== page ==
Music 213: Form and Analysis
Prof. Chenette (e-mail/web page)-- Winter/Spring, 2002
FA254, x3065 -- Ofc. Hrs.: M 9-10, Th 3:15-4:15, or by appt

Required materials:

Class goals:

Grade breakdown:

Ear training 25%
Rondo composition 10%
Homework, preparation, and participation (incl attendance) 20%
Quiz (5%) and exams (10% and 15%) 30%
Haydn quartet project (5% presentation and 10% notes/outline/essay) 15%


Homework is due on the date indicated in the syllabus and is highly cumulative and crucial to your success in this course. Count on spending about 2-3 hours on homework for each hour you spend in class. Let me know if homework is routinely taking you longer than three hours.

Except in cases of medical or other problems confirmed by a note from Health Services or Student Affairs, work missed because of absences or lateness may be made up only upon arrangement with the instructor prior to the class missed. For the rondo composition, students may request a 1-class-session extension by submitting a typed, 1-page request for extension and progress report or e-mail of comparable length explaining why the extension is required, verifying and describing significant progress towards completion of the assignment, and indicating what remains to be done.

Absences or lateness, unless cleared in advance with the instructor or excused by a note from Health Services or Student Affairs, will reduce your participation or ear training (in the case of absences from the ear training sessions) grade by whatever proportion of class sessions you miss.

Date Assignment due


21 In-class introduction to chromatic harmony.
23 Read Kostka & Payne, ch. 21. Complete exercises 21-1A (even). 21-1B (even), 21-3, and 21-6 in the Workbook.

Ear training from Kraft
• melodic dictation C, p. 65 (dotted 8th-16th rhythm)
• harmonic dictation E, p. 237 (V vs V7 in T-->P-->D-->T progressions, incl. modal mixture/Picardy 3rd)

25 Read Kostka & Payne, ch. 22. Complete exercises 22-1A (not all are Neapolitans!), 22-1B (odd), and 22-1C (1 & 2 on p. 209) in the Workbook.
28 Complete exercises 22-1C (4 on p. 211, 5 & 6 on pp. 212-213) and 22-1E (1 on p. 215, 3 on p. 216) in the Workbook.
30 Read Kostka & Payne, ch. 23. Complete exercises 23-1A (not all are Augmented 6th chords), 23-1B (even), and 23-1C (1 on pp. 221-222, 2 on pp. 223-224) in the Workbook.
31 Ear training from Kraft
• melodic dictation D & E, pp. 69 & 73 (IV chord outlined & four-16th-note rhythm with P and N tones)
• harmonic dictation F, p. 243 (extensions of harmonic functions)


1 Complete exercises 23-1C (4 on p. 225, 5 on p. 226), 23-1D (3 on p. 229), and 23-1G (p. 230) in Workbook.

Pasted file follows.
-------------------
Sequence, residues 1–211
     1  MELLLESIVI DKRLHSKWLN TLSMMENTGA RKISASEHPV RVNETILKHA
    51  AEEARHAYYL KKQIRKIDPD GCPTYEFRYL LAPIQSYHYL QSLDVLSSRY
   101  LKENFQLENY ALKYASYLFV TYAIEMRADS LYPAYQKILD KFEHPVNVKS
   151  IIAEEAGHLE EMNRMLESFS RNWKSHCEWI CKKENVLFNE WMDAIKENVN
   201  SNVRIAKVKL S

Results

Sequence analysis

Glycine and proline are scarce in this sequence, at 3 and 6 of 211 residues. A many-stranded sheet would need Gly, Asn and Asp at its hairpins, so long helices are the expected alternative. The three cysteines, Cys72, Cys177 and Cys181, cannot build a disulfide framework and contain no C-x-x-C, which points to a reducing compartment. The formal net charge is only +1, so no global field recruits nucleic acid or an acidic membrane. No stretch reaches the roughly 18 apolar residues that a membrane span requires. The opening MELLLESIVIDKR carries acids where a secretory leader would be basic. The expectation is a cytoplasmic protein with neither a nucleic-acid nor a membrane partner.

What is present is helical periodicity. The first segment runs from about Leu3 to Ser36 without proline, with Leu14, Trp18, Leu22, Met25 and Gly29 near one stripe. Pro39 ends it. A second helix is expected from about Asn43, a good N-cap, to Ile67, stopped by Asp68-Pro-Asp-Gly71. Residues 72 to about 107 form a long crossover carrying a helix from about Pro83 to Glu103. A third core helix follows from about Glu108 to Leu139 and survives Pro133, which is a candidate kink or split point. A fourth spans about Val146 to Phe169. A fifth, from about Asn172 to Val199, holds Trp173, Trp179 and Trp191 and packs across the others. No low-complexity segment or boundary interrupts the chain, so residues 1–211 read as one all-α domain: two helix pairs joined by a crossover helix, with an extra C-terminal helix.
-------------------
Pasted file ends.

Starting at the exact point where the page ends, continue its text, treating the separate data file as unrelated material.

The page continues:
4 Prepare for quiz today on chromatic harmony and read Kostka & Payne, ch. 26.
6 Read Spring & Hutcheson, ch. 1. Complete exercise 1 on pp. 22 and the top half of p. 23 for melodies A, B, and C.
7 Ear-training set 1-EX1/2/3: progressions involving Neapolitan 6th chords.
8 Complete exercises 2 and 4 on pp. 23-24 in Spring & Hutcheson.
11 Read Spring & Hutcheson, ch. 2. Complete exercises 2 and 3 on p. 50 for all four excerpts: A, B, C, and D.

View animated analysis of the motivic relationships in Bach's Invention in a minor or this slow motion version with no sound. Listen to and study Brahms's Rhapsody, Op. 119/4, focussing on the first 2 pages (pp. 278-279.) Analyze the motivic structure as specified by ex. 4 on p. 51 (warning: where the text refers to Ex. 5-2, it should refer to 5-10 on pp. 123-124 instead.) Also, analyze the phrases in the first 40 measures as follows:

  • Identify cadences and describe their degree of finality and rhythmic strength. How do harmonic, rhythmic, and melodic factors contribute to the sense of cadence?
  • How long are the phrases? Are they regular or irregular? Are any of them extended or elided (the end of one phrase becoming the beginning of the next?) Are there any semiphrase constructions?
  • What harmonic organizational plan prevails in each phrase (see ex. 3 on p. 50)?
14 Ear-training set 2-EX1/2/3: progressions involving augmented 6th chords.

Read Spring & Hutcheson, ch. 3. Complete exercise 1A and 1C on p. 73.

18 Complete exercises 2B (ending at m. 18, not m. 19 as the text says) and 2C on p. 73. Compose an eight-measure melody consisting of two phrases that make a period, with a half cadence on the downbeat of m. 4 and an authentic cadence on the downbeat of m. 8.
20 Read Spring & Hutcheson, ch. 4. Complete exercises 1 & 2 on pp. 99-100 (warning: where ex. 2 refers to Ex. 4-3, 4-4, and 4-5, it should refer to 4-2, 4-3, and 4-4 instead.)